IRAS Explanatory Supplement
A. General Overview
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The results of several portions of the IRAS mission are given in a catalog of infrared point sources, in a catalog of extended sources smaller than 8', in a catalog of low-resolution spectra, and in an atlas of absolute surface brightness images of the entire infrared sky. These catalogs give the characteristics of some 250,000 point sources and 20,000 small extended sources down to a limiting flux density, away from confused regions of the sky, of about 0.5 Jy at 12, 25 and 60 µm and about 1.5 Jy at 100 µm for point sources, and about a factor of three brighter than this for small extended sources. The angular resolution of the instrument varied between about 0.5' at 12 µm to about 2' at 100 µm. The positional accuracy of sources detected by IRAS depends on their size, brightness and spectral energy distribution but is usually better than 20". Approximately 5000 8-22 µm spectra of survey sources brighter than 10 Jy at 12 and 25 µm are available.
Chapter II, the IRAS satellite, telescope and focal plane instrumentation are reviewed. The elements of the mission profile--the constraints, the design features, and the in-flight modifications to that design--are described in Chapter III and are accompanied by a chronology of the events of the mission. In-flight tests of those aspects of the performance of the instrument directly associated with the survey are presented in Chapter IV. Chapters V and VI describe the processing performed on the data; the summaries that precede the detailed discussions should be sufficient to acquaint the user with the contents of the catalogs. Since the flux reconstruction and calibration of the instrument probably hold intrinsic interest for many readers, these are described separately in Chapter VI.
A preliminary analysis of some of the statistical properties of the catalogs is given in Chapter VII. Emphasis is placed on general statistics, such as positional and photometric accuracy and on easily derived number counts. A preliminary analysis of the sky coverage and of the completeness and reliability of the catalog is given in Chapter VIII. The low-resolution spectrometer and the analysis of its measurements are described in Chapter IX. Chapter X explains the format and meaning of each of the entries in the catalogs. Each printed volume of the catalogs repeats the description of the formats of that catalog.
In order to produce the catalogs in a timely fashion, some processing errors and anomalies could not be fixed; those which were discovered before the release of the data in November 1984 are described in Chapter XI. Chapter XII gives the errata and revisions as of 1987, including the important flux overestimation correction used for version 2.0 of the Point Source Catalog. A compilation of the names of people who worked on the IRAS project comprises Chapter XIII. The last chapter provides a series of plots giving the details of the coverage of the sky by the IRAS survey.
Each chapter of the Supplement was written by those members of the IRAS team whose names are appended to that chapter. The work described was obviously the result of efforts by many individuals and should not be ascribed to the authors alone.
- The sky at 100 µm is dominated by filaments termed "infrared
cirrus" which, although concentrated near the Galactic plane,
can be found almost all the way up to the Galactic poles
(Fig. I.C.4). The primary, deleterious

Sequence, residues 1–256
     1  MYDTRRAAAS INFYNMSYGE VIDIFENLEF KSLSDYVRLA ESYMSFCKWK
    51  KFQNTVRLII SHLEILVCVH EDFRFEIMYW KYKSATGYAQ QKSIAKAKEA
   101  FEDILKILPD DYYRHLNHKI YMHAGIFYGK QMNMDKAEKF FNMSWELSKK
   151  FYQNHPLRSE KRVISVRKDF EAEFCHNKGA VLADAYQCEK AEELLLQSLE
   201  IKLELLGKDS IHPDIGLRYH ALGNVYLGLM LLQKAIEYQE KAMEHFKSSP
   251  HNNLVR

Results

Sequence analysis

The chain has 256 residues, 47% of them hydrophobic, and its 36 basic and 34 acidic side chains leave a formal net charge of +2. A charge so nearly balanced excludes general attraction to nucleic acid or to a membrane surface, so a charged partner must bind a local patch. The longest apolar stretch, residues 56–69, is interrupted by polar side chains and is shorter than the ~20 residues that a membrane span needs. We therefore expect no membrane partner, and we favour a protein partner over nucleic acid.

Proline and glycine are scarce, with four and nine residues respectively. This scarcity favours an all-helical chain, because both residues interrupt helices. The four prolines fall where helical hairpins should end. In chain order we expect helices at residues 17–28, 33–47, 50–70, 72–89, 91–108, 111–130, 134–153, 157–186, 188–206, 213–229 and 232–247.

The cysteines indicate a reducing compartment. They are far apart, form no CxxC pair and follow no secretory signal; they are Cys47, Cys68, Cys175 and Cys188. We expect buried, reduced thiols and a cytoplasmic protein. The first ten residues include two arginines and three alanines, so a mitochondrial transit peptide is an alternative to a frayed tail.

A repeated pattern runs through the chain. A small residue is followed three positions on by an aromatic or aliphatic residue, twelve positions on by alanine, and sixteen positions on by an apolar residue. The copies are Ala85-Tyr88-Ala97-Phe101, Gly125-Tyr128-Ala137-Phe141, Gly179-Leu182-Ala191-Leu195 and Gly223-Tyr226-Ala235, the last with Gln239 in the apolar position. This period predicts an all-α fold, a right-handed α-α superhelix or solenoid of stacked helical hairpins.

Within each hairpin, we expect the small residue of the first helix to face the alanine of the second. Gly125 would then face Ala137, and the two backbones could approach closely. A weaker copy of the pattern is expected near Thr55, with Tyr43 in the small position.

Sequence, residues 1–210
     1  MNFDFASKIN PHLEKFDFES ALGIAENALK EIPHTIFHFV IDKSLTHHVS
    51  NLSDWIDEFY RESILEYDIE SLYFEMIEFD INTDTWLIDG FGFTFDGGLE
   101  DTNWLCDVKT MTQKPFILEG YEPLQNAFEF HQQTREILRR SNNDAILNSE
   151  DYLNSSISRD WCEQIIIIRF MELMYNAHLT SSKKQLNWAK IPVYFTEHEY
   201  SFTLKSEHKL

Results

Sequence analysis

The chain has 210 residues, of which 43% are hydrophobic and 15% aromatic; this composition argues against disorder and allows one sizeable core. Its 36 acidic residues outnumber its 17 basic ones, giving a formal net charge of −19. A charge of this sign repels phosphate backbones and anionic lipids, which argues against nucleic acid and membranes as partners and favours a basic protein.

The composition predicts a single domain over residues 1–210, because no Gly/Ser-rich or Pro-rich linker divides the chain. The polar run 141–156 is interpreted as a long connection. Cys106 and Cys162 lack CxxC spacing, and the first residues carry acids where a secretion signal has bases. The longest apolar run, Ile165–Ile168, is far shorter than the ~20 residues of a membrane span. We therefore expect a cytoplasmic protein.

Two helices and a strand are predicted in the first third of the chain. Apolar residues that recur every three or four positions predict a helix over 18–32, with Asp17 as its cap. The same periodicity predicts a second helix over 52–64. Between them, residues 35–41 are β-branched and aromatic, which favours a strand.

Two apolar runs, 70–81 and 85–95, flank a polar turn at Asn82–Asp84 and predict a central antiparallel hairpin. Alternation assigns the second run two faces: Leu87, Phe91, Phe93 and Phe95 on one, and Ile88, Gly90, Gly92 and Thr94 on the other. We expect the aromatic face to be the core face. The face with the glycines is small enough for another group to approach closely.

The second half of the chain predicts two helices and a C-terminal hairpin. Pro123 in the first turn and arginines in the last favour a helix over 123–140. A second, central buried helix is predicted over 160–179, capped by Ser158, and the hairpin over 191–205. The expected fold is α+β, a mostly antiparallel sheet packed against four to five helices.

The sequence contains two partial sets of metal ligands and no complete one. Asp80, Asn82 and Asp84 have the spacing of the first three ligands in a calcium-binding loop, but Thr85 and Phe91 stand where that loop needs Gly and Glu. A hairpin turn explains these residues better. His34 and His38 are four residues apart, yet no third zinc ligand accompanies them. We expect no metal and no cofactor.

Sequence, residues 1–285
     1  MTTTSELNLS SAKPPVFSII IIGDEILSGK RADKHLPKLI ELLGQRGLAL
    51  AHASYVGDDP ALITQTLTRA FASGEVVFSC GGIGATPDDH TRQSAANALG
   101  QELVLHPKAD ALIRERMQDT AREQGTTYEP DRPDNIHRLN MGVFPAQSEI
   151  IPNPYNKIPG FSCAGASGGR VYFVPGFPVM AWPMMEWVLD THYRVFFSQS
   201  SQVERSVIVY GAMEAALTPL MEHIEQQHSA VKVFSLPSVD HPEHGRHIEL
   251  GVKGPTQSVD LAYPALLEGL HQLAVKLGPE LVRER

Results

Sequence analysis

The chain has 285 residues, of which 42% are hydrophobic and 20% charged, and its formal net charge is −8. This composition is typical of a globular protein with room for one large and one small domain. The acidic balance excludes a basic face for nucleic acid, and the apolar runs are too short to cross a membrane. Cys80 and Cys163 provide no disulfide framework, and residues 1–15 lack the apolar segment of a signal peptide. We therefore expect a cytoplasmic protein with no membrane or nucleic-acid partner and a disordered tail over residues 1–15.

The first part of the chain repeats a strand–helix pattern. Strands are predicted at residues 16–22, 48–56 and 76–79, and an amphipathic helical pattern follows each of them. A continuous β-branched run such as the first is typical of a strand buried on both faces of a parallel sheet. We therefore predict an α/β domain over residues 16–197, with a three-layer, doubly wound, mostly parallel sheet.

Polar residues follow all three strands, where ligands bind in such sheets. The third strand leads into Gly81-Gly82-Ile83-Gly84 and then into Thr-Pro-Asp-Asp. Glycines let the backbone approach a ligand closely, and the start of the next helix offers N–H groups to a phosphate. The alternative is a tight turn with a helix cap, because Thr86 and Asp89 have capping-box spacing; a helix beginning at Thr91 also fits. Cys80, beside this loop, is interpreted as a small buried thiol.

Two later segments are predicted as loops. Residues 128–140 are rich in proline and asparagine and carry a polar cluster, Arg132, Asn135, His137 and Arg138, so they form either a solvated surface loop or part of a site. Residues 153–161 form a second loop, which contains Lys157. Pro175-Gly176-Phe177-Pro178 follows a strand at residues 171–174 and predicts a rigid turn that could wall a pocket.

effects of the cirrus are that it can generate well-confirmed point and small
extended sources that are actually pieces of degree-sized structures rather
than isolated, discrete objects and that it can corrupt 100 µm, and
occasionally 60 µm, measurements of true point sources
- The spectral bandwidths of the detectors were sufficiently wide that
the quoted flux densities depend on the assumed energy distribution of
the source. For the catalogs, the energy distribution was taken to be constant
in the flux per logarithmic frequency interval. If the source has a different
energy distribution than this, a color conection, as large as 50%
in extreme cases, must be applied to the quoted flux densities
- The survey is clearly confusion limited within about 10°
of the Galactic plane and in several areas of the sky such as the Ophiuchus
and Orion-Taurus regions. Considerable effort has been made to select only
highly reliable sources in such areas, at the expense of completeness.
The flags associated with sources with possible confusion-related problems
should be examined very carefully (Sections
- The algorithm used to estimate the detector noise suffered from a
signifficant lag. This caused an under-estimate of the true noise when
approaching regions of rapidiy changing noise and an over-estimate of the
noise when leaving such areas. Regions with large and rapidiy varying numbers
of sources, such as the Galactic plane, also produced this effect. Since
the source detection algorithm (Section V.C)
thresholded on signal to noise ratio, the overestimated noise level resulted
in a dearth of sources, or a shadow, in the areas observed just
after passage across the Galactic plane. At 60 and 100 µm, where
the effect is worst, a "coverage hole" can extend as far as
2° from the plane. The density of detected sources can differ, totally
artificially, by as much as a factor of ten from one side of the plane
to the other due to this shadowing
- While great pains were taken to confirm the reality of sources in the point and small extended source catalogs, no such attempt was made for the sky brightness images. Instead, separate images of the sky taken at times differing from weeks to months are given. It is the responsibility of the user to ensure that sources seen in the images are not due to transient sources such as asteroids.
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